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Re: HTTP at a glance

From: Julian Reschke <julian.reschke@gmx.de>
Date: Tue, 28 Feb 2012 23:54:37 +0100
Message-ID: <4F4D5B2D.1060807@gmx.de>
To: Amos Jeffries <squid3@treenet.co.nz>
CC: Martin Thomson <martin.thomson@gmail.com>, "Roy T. Fielding" <fielding@gbiv.com>, ietf-http-wg@w3.org
On 2012-02-28 23:16, Amos Jeffries wrote:
> On 29.02.2012 07:31, Martin Thomson wrote:
>> On 27 February 2012 13:23, Roy T. Fielding <fielding@gbiv.com> wrote:
>>> No, POST can create resources.  The only difference is that the
>>> client doesn't
>>> know how the resource(s) will be identified after being created.
>> And some of us really like having some control over our own URI space,
>> preferring this approach over PUT. I wouldn't characterize that as a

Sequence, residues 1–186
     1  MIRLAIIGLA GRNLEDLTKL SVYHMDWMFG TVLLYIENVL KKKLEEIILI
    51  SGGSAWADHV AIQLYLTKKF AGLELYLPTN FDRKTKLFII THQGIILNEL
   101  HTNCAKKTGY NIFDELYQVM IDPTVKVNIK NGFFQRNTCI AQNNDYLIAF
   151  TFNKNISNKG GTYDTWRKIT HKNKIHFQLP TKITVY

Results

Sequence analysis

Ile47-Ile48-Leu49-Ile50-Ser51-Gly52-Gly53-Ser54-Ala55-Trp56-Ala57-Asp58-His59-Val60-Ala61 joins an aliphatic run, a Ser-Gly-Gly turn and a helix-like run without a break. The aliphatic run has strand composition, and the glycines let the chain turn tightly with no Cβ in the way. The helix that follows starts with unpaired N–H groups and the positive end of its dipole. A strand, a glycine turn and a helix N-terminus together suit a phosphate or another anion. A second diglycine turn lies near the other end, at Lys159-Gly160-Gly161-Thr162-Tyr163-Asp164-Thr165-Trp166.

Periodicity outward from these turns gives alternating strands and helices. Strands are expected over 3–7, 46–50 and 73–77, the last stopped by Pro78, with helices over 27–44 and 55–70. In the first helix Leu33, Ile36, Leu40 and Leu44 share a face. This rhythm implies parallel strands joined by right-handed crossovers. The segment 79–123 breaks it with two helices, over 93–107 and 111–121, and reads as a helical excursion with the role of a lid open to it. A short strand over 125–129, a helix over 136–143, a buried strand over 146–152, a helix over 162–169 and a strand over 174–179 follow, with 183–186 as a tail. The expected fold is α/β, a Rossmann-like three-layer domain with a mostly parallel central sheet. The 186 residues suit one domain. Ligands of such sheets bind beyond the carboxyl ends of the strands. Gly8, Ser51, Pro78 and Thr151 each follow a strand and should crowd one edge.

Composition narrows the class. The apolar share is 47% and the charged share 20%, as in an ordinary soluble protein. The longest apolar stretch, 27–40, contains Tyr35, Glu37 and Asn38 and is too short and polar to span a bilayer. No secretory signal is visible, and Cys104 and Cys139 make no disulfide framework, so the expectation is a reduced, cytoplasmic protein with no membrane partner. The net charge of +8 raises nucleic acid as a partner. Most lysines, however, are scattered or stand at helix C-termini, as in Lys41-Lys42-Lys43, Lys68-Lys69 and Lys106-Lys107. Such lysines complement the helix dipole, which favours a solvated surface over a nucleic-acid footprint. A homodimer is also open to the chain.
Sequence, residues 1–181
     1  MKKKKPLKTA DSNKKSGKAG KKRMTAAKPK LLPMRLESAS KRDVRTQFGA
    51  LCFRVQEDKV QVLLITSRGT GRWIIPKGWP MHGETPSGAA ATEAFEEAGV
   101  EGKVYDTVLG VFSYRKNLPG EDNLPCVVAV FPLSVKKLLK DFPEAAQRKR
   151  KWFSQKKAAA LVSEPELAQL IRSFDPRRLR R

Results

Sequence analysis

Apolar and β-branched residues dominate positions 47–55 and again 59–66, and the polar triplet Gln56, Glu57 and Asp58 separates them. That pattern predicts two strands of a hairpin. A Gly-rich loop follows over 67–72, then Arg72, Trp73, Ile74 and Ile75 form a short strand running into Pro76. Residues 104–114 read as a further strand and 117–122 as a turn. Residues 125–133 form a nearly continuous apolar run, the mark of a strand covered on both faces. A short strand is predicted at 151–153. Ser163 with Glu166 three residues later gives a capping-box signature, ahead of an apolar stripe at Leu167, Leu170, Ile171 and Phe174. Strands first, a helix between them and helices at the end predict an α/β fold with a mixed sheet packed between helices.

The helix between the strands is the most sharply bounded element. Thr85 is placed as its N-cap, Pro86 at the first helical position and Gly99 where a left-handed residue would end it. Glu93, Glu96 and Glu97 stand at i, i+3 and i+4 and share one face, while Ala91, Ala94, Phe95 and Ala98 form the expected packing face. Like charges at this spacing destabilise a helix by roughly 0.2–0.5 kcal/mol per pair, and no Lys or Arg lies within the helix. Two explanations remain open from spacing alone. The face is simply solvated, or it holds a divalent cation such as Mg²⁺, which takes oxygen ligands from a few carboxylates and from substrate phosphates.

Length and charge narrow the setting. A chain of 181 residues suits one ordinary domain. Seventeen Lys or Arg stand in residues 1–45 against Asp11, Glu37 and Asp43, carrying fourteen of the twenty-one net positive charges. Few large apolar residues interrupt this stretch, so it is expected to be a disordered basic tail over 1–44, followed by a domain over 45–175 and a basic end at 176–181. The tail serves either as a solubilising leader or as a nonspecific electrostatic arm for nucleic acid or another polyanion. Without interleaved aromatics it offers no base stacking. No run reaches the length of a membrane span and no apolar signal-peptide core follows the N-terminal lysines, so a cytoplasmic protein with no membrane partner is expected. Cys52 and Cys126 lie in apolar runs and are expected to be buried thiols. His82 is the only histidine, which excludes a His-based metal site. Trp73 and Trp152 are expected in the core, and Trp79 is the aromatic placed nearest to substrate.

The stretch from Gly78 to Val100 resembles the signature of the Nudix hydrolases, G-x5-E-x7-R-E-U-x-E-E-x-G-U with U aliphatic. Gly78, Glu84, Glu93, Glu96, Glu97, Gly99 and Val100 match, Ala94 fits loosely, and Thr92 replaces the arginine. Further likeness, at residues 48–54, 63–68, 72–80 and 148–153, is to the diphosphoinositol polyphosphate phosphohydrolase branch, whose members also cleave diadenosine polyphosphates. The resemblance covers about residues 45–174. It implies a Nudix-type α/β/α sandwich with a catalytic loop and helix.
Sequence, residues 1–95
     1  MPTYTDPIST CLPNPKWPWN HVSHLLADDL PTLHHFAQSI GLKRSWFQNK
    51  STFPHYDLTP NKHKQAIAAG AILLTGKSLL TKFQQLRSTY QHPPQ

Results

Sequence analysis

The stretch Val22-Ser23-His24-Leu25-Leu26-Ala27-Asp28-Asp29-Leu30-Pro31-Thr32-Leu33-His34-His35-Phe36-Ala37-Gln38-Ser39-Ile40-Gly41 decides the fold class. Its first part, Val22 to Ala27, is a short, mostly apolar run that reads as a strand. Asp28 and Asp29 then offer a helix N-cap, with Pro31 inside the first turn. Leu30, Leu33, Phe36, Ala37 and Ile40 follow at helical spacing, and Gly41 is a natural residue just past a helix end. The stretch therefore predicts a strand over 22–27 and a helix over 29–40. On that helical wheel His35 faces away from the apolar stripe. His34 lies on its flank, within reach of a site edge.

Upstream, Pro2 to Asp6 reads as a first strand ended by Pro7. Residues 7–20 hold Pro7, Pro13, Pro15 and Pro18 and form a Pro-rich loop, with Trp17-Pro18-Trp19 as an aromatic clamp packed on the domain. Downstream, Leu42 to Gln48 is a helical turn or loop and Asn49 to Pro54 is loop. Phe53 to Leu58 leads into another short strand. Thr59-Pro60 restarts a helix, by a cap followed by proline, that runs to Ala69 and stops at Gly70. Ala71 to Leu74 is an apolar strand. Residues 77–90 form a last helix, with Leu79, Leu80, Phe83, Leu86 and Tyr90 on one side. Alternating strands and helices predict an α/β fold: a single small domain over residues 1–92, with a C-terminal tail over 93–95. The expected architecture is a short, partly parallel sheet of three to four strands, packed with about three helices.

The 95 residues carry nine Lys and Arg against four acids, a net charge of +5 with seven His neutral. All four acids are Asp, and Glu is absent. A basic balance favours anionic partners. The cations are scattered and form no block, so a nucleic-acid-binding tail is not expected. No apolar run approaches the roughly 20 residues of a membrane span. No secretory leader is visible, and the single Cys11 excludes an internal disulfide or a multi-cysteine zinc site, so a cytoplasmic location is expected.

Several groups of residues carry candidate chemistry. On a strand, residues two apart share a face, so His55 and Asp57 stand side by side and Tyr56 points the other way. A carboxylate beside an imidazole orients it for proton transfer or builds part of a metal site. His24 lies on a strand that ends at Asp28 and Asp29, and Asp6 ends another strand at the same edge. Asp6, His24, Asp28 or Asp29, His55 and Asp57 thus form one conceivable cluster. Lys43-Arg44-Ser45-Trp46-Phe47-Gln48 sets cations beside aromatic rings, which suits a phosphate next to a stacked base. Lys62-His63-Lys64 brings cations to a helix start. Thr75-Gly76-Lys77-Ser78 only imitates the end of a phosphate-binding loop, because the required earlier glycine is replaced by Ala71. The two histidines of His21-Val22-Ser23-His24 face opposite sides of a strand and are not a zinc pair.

>> mistake, just a choice.
> The blessed way to do that is with a 3xx redirect instructing the client
> where you want the resource PUT if they somehow get it wrong. (Or just

I wouldn't call it "the blessed way". In particular, automatically 
following a redirect upon PUT might be dangerous.

> plain denying wrong PUT if you dont want third-party scripts using PUT
> on your site.)

Yes. If you want to control the URI space, simply do not implement 

> Yes, I too see a bandwidth problem with that blessed way of doing
> things. Perhapse what is needed is a response indicating "okay, but
> change the URI to X" which does not involve a repeated PUT action. The
> plain PUT+200 sequence seems not to do that easily (workable ideas
> welcome. With my web-dev hat on I have an interest in implementing).

So you want PUT semantics with server-chooses-URI? I tried to specify 
this a few years ago 
but was "convinced" that POST is sufficient, so defined the 
WebDAV-specific RFC 5995.

Best regards, Julian
Received on Tuesday, 28 February 2012 22:55:15 UTC

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